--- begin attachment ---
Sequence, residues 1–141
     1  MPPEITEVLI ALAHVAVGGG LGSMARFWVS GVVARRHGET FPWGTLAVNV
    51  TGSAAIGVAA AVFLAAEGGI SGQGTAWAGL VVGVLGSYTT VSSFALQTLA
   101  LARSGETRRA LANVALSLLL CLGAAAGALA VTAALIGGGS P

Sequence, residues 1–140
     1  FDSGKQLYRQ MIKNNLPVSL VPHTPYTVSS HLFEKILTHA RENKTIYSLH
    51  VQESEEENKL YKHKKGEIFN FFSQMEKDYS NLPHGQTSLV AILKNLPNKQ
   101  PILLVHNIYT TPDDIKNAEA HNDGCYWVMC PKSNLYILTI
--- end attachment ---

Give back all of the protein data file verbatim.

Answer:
Sequence, residues 1–141
     1  MPPEITEVLI ALAHVAVGGG LGSMARFWVS GVVARRHGET FPWGTLAVNV
    51  TGSAAIGVAA AVFLAAEGGI SGQGTAWAGL VVGVLGSYTT VSSFALQTLA
   101  LARSGETRRA LANVALSLLL CLGAAAGALA VTAALIGGGS P

Sequence, residues 1–140
     1  FDSGKQLYRQ MIKNNLPVSL VPHTPYTVSS HLFEKILTHA RENKTIYSLH
    51  VQESEEENKL YKHKKGEIFN FFSQMEKDYS NLPHGQTSLV AILKNLPNKQ
   101  PILLVHNIYT TPDDIKNAEA HNDGCYWVMC PKSNLYILTI